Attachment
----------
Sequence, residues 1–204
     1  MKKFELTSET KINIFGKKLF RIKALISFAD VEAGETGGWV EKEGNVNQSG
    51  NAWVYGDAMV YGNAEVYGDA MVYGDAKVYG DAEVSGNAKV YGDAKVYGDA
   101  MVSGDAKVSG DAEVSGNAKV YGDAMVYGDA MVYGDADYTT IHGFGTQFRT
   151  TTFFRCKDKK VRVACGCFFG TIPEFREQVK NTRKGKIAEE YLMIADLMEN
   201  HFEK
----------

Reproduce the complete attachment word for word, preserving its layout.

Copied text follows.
Sequence, residues 1–204
     1  MKKFELTSET KINIFGKKLF RIKALISFAD VEAGETGGWV EKEGNVNQSG
    51  NAWVYGDAMV YGNAEVYGDA MVYGDAKVYG DAEVSGNAKV YGDAKVYGDA
   101  MVSGDAKVSG DAEVSGNAKV YGDAMVYGDA MVYGDADYTT IHGFGTQFRT
   151  TTFFRCKDKK VRVACGCFFG TIPEFREQVK NTRKGKIAEE YLMIADLMEN
   201  HFEK